Monday: I woke up at 4:45, grabbed my bags and breakfast and was out the door by 5:15. On my way out, I saw my neighbors had decorated my door to give me some added pep. It should did make me smile seeing the pomp and circumstance. After parking the car so my dad could find it, I was over to the Marriott and walking to the buses with teammates. I pictured an orderly walk over with 100s of DFMC teammates on one bus. Man, was it the opposite; pure chaos and pushing and shoving. I was lucky enough to be on the bus with Giles, Alyse, and Pete. It was nice to know them and have run with them over the season as it provided some distraction on the hour ride out to Hopkinton. Soon enough we were departing at athlete’s village were Pete, Alyse and I banded together to find our way to the church. We got to the church and man was it packed. On the weekend runs, we usually had 100 or less people there so to see all 500+ of us was insane. I managed to talk to some of my track/Saturday morning teammates to distract me from the wait. I guess I wasn’t distracted enough as I put diaper rash cream all over my face instead of suntan lotion. At least it provided a good laugh. Shortly after that accident, the Fitbricks team was outside waiting for me to say hi. I hung out with them for a while through picture taking time. Jim came by in his police uniform to wish me luck and soon enough I was sending them on their way to the start. I ended up standing outside with Rob and others as we chose to walk to the start together. Having Rob there to talk me through it was key and I am so glad I got to meet him and his lovely wife this season. A quick photo was snapped and we were walking towards the start.
Jack was the announcer at the start which made me smile. I went the entire season picking his brain over and over and over and here he was in his celebrity mode. He was saying that Dana-Farber was in this wave and wishing us luck. And soon enough there we were crossing the start line. A note to laugh at, I had practiced my race day outfit, but not filled to the gills with GU. Sure enough, it kept riding down from the weight which forced me to hold on tight while running. My first mile was over faster than I expected as I looked down to see 11 minutes on my watch. I slowed myself down significantly and finished my 5k in pretty fast time.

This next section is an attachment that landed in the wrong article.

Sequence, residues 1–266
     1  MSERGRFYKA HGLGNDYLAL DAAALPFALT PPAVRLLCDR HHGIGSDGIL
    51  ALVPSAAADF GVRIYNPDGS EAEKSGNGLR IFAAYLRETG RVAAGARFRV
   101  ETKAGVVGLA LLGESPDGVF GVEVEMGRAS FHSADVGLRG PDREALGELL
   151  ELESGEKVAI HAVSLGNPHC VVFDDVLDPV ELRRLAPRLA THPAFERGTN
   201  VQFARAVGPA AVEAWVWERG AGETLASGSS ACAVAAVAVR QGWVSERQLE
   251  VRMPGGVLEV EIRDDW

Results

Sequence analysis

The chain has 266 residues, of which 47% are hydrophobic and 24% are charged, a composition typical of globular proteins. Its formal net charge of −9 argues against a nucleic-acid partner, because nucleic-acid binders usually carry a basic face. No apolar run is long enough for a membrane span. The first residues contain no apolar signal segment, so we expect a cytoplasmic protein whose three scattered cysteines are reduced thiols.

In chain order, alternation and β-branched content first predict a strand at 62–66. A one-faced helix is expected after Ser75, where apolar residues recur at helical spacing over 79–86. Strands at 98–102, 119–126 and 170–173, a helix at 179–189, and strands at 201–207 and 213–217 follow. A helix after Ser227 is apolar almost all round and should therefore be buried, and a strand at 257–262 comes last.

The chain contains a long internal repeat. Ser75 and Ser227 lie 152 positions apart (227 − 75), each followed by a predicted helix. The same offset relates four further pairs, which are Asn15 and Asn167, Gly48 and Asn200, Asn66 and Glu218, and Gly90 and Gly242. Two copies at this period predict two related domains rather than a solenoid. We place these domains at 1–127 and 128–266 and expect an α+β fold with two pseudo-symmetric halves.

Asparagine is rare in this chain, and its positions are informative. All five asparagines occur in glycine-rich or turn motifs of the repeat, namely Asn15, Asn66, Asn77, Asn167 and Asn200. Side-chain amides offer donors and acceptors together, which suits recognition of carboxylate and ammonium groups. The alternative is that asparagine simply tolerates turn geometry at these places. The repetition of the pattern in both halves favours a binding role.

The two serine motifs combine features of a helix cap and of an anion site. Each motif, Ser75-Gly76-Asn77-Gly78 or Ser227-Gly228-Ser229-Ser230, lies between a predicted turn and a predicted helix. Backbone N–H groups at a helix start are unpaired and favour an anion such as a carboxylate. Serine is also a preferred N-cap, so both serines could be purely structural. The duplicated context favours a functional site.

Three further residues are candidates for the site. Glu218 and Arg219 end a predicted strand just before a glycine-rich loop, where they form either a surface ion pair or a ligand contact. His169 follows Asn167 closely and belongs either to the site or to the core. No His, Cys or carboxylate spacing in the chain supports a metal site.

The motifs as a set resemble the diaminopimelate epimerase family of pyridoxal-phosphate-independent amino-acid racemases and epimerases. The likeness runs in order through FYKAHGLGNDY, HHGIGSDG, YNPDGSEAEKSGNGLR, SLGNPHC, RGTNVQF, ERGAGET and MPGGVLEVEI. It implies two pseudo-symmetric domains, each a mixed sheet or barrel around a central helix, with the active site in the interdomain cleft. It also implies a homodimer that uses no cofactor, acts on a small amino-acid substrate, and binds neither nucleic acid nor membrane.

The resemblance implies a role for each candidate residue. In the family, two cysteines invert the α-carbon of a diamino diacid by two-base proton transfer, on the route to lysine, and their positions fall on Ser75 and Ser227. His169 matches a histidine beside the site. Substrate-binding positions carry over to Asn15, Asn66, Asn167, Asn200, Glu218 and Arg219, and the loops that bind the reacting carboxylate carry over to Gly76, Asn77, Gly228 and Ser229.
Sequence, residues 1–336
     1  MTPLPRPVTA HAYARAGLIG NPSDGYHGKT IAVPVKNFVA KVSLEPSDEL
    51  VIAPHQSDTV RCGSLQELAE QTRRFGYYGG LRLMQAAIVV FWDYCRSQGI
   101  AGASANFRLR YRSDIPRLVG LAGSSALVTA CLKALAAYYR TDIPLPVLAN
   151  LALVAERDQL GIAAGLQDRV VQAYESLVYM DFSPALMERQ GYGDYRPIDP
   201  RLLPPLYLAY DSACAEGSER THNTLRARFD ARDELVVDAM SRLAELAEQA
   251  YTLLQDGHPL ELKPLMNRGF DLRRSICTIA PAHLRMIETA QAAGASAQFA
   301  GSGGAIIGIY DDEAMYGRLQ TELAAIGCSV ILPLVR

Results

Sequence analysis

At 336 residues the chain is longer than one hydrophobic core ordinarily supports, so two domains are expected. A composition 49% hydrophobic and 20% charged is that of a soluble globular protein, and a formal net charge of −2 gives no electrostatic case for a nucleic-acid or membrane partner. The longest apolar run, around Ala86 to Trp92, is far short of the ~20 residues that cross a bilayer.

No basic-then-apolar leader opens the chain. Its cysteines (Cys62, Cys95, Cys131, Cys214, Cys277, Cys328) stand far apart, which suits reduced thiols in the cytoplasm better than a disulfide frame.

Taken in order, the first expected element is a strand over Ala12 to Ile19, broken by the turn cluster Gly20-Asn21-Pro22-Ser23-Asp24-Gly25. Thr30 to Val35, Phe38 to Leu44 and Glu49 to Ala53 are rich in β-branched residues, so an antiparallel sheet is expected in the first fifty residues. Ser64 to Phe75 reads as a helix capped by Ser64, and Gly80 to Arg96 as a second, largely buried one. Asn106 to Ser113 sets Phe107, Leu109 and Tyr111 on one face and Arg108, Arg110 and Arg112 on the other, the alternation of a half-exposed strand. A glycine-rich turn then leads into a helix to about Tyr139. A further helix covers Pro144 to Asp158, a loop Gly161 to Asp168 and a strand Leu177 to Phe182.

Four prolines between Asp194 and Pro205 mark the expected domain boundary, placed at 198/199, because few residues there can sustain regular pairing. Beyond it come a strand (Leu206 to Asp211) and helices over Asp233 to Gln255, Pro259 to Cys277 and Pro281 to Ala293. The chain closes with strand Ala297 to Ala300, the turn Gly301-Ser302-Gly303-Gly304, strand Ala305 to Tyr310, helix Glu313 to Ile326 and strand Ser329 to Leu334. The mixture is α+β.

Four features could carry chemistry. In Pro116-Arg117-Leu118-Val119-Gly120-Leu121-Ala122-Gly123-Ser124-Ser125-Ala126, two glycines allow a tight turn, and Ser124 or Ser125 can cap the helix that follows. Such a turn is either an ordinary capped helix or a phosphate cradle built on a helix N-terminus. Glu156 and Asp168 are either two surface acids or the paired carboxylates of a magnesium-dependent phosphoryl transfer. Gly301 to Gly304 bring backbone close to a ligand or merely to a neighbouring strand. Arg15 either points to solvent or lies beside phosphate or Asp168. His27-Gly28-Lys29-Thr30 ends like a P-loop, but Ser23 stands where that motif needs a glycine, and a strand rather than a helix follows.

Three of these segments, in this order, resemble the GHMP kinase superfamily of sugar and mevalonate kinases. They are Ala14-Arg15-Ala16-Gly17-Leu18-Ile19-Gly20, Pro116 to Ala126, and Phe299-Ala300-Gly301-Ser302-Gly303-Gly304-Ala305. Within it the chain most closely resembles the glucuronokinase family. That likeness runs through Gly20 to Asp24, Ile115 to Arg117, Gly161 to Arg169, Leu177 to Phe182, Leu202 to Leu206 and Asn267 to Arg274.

Hopkinton was behind me and I was now in Ashland. Shortly after I hit the Dairy Queen, I saw Tracey jump in next to me and ran about 400 yards with me. It was nice to have my first fan out there. I also saw Captain Ben of Costa Rica fame which made me smile. At mile 4, my dad, stepmom and Ben B’s family was out there cheering me on. In the video they captured, you caught me saying it was hot. That was all that was going through my head…the heat! Soon enough I was rounding into Framingham and hitting the Bone. I know this road pretty well and knew there was no shade to be had. The heat started to get to me and I was doing a jog/walk. My time was still on target for the 5:45 finish as I headed into Natick and saw my mom, Rachel, and friends at my friend’s house at mile 10. Seeing them was key as it gave me strength to keep on trucking. I hit the half marathon point in the time I wanted and was ecstatic. Of course, that is when the proverbial wheels came off. The heat was starting to get to me and I was forced into a walk shortly after. I would jog occasionally followed by walking. As I hit Wellesley, I ended up walking with Liz and Christine, two teammates. We hit the scream tunnel and it was all it lived up to be. Shortly after we were headed to the first DFMC cheer zone where Christine told me that I was an inspiration this season. Of course that made me tear up to hear her kind words that followed. She and I played frog as I met up with a random lady named Laurie. She and I went up the hills as I talked her through what to expect. I jogged ahead as I saw the streets I knew I could push it up.